|Publisher||Princeton Univ Press|
|Publication Date||September 21, 1990|
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The Sanctuary of the Great Gods on the island of Samothrace was a renowned center of religious life in the eastern Mediterranean from the seventh century B.C. until the fourth century of the Christian era, and the mysteries practiced there rank in age and historical importance with those of Eleusis. Volume 10 of the records of the Samothrace excavations focuses on the elaborate Propylon dedicated by Ptolemy II, which was, from early Hellenistic times, the entrance to the Sanctuary. Among ancient Greek gatehouses, only the Propylaia of the Athenian Akropolis matched the Samothracian Propylon in precipitousness of site and number of unusual features.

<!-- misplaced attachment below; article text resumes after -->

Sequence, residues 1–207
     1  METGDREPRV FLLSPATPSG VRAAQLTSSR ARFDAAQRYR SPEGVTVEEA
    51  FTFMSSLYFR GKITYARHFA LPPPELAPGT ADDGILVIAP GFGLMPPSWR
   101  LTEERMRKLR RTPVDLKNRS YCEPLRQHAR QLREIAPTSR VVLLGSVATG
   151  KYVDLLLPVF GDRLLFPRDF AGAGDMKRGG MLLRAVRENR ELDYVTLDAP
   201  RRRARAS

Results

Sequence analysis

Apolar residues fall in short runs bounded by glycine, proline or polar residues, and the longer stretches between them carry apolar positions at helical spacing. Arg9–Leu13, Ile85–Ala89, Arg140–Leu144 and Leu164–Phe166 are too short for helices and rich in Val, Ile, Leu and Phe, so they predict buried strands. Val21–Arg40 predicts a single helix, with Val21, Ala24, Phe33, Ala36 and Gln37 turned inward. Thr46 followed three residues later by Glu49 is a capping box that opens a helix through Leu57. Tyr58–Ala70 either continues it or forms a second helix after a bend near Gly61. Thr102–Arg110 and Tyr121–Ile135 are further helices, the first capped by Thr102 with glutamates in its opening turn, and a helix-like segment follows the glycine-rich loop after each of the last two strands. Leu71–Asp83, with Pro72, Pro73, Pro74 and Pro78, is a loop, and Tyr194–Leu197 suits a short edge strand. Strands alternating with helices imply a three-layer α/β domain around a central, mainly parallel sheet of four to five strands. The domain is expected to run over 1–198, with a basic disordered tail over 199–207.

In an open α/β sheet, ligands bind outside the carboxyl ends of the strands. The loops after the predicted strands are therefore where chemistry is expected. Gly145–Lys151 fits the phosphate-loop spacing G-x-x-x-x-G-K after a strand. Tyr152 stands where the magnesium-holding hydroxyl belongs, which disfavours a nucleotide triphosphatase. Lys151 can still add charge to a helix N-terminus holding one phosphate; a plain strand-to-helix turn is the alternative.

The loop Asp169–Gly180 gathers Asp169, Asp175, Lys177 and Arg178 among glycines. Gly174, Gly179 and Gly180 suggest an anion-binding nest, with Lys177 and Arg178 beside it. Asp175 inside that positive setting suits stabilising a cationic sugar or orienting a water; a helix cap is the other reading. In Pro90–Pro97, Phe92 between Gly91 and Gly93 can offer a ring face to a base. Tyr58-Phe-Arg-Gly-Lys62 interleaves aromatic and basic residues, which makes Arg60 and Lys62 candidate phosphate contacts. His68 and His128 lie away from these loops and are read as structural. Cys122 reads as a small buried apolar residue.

The Propylon was a large, marble, temple-like building--amphiprostyle and hexastyle. Its massive substructure was penetrated by a wide, vaulted tunnel, through which flowed the waters of the torrent that formed the Sanctuary's eastern boundary. This courageous feat of Hellenistic engineering had its counterpart in the artistic audacity of the superstructure, which exhibited an Ionic facade facing the road from the city of Samothrace and a Corinthian facade facing the causeway between the Propylon and the sacred precinct. The narrow stairway to the building's attic suggests that the Propylon may have had a role in the mystery cult's liturgy.
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